We made it into the bank and had to sit down to get our breath back. The Communications Bank staff were concerned for us, and instantly brought us both a cup of water; imagine. We allayed their concerns with gratitude, and some minutes later I withdrew the money we needed. The floor supervisor stayed at my side until he confirmed I knew what I was doing, although he noticeably turned away as I entered my pin number. I consider that superb service, especially from a Bank neither of us holds an account with.

In 2011 my medical examination was fraught by the continued lack of breath, but I got through it and passed. I was given a booklet with full results, which included my blood group – something that is defined as being Top Secret by all British medical practitioners. I now know I am in blood group “O”, which is a big problem in this part of China. Most hospitals here simply do not carry ‘O’ type blood, because nobody has this in their veins. I do not know if I am Rhesus Positive or Negative though. I presume this is from my Mother, and she was O-.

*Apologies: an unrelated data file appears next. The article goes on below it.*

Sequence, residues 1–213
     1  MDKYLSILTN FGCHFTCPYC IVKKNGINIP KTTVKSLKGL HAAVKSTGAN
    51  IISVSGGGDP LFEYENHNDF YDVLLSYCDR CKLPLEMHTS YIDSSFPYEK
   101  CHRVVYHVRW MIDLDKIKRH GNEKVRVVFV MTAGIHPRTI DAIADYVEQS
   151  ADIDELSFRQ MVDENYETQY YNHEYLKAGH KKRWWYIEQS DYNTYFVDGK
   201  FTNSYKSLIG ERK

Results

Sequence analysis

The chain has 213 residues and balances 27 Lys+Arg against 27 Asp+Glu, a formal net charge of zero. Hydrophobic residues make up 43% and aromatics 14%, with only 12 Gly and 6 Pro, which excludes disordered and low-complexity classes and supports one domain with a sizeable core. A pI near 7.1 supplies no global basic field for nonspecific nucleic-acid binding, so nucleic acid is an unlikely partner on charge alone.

Although obviously ill and gasping for breath, I passed with a few minor remarks, the most worrying being a ‘Hazing’ in my lungs. However, the relief of finding nothing of the slightest major concern was actually overwhelming, both for me, and my wife.

During mid June I woke with the insane desire to stretch all the time, and I mean once every 10-seconds. Bellicose roars accompanied this from my posterior at similarly frequent intervals. After half an hour, I knew something was very wrong. I was sleepy, and slept for most of the next 30-hours. Hot, then cold shivers came and went, but with them the need to stretch and fart reduced significantly.